For some years now, CEOs have turned to integration managers—usually mid- to upper-level executives relieved of their customary duties for six months to a year—to help lead the task of integrating companies after big mergers or acquisitions. Although an integration manager can contribute significantly to the realization of a merger’s promise, the implementation of this important role often bedevils CEOs, few of whom have sufficient experience with mergers to hit on a plausible formula. No surprise, then, that the effectiveness of integration managers varies widely.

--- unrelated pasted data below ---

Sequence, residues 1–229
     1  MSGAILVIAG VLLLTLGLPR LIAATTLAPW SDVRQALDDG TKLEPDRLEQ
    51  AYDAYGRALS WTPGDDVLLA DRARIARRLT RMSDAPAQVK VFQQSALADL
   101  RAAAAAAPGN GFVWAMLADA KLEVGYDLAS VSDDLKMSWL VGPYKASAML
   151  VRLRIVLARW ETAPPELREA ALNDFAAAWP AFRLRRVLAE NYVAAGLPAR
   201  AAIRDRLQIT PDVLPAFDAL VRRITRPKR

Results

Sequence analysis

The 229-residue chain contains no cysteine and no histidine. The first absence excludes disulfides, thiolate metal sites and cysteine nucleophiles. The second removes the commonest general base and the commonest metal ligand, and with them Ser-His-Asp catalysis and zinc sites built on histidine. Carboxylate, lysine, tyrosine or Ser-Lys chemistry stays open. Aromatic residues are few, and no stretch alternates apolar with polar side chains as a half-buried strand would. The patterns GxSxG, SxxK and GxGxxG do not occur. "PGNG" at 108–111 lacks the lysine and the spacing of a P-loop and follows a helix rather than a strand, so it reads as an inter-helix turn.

Many CEOs see them simply as process coordinators or project managers. But the best play a far more pivotal role, helping mergers to succeed by keeping everyone focused on the issues that have the greatest potential for creating value and by infusing integration efforts with the necessary momentum. Unfortunately, however, too many integration managers never assume such a role or, if they do, find it hard to succeed in it. Our experience—most involving Global 500 corporations—suggests three reasons: CEOs fail to recruit the right people for the job; integration managers don’t become involved in the merger process early enough; and CEOs fail to give them adequate support.